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Myths, Legends, and Our Very Own Atlantis

March 2021

They call Pembrokeshire Gwlad Hud a Lledrith, which means Land of Magic and Enchantment. This land of rugged and beautiful landscape has inspired many myths and legends in its time.

The best known is probably that of Cantre'r Gwaelod (the Lowland Hundred), our own version of the tale of Atlantis set right here in Cardigan Bay. The story goes that there was once a beautiful and properous low-lying land off the coast, consisting of 16 cities and teaming with markets, communities and princes. This land had a complicated system of embankments, and dykes which were opened and closed as necessary to allow the fields to be irrigated. Consequently, however, flooding was a permanent concern.

This land was ruled by Gwynddno Garanhir, and he set a prince of the realm called Seithenyn to be in touch of the sluices. Some reports say that Seithenyn wasn't too keen on this role, and preferred to spend his time partying and having fun; others that he was normally fastidious and just had the one, fatal mishap. In any case, one evening, a birthday celebration was being held for Gwynddno's daughter, Mererid, and Seithenyn decided to go along in hopes of wooing her. That night a storm rolled in and the guards rushed to tell Seithenyn, who was the only person who could operate the gates, but he was nowhere to be found. The floodgates weren't closed and the sea came rushing in, drowning people and livestock and destroying the land forever.

Despite Seithenyn's responsibility for the devastation, Mererid still married him and Gwnddno spent the rest of his days on the cliff top looking out to where his land had once been. There is some evidence of ancient forests, stone walls and causeways having been discovered and the waters of Cardigan Bay are shallow... so who knows, maybe this legend has some truth to it. If you stand on the cliffs above Cardigan Bay on a quiet night, and listen, you may hear the bells of Cantre'r Gwaelod pealing.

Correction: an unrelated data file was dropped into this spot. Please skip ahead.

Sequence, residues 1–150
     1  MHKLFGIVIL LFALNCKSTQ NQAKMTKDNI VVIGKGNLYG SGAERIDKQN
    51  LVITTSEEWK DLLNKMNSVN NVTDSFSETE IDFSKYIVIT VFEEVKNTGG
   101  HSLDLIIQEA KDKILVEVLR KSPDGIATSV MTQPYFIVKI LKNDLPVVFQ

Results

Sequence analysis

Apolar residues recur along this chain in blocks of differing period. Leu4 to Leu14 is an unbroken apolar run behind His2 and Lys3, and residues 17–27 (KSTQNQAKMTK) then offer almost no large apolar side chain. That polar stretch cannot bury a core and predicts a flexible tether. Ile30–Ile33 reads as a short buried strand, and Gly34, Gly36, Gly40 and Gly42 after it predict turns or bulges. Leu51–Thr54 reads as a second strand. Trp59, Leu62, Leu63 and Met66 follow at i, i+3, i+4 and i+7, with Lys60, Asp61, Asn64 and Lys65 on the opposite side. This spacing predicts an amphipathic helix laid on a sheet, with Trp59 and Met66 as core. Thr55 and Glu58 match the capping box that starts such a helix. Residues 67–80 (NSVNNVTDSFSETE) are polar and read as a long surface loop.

Other Welsh Legends and Myths

1. Twm Sion Cati, the Welsh Robin Hood

Yes, Wales has its very own Robin Hood! Thomas Jones, or Twm Sion Cati, was born in 1530 at Tregaron, Cardiganshire to Catherine 'Cati' Jones. He roamed West and Mid Wales as a highwayman and later as a conman, robbing the rich, er... but not really giving to the poor. But he didn't harm his victims and he also had an arch-enemy in the form of a Sheriff - of Carmarthen - so there are some similarities to the Nottingham Hood. You can visit the cave where Twm Son Cati would hide out at Dinas Hill - today, it's an RSPB nature reserve. The story ends with Thomas marrying an heiress and ending his life as a wealthy landowner and a respectable Justice of the Peace.

2. The Lady of the Lake

A farm boy grazing his flock around the dark waters of Llyn y Fan Fach was amazed one day when a lady emerged from the lake. She was beautiful and graceful, and told the boy that he would have great riches if he married her. The boy fell in love immediately and they married, with him receiving a dowry of the best sheep, goats, and cattle. They were happy for many years, and had three sons... but the boy forgot his vow to never strike his wife and after he had done so three times she left him and walked back into the lake, taking all the livestock with her and leaving him devastated and destitute. Their three sons grew up to be the famous Physicians of Myddfai.

3. Merlin and the Dragons' Lair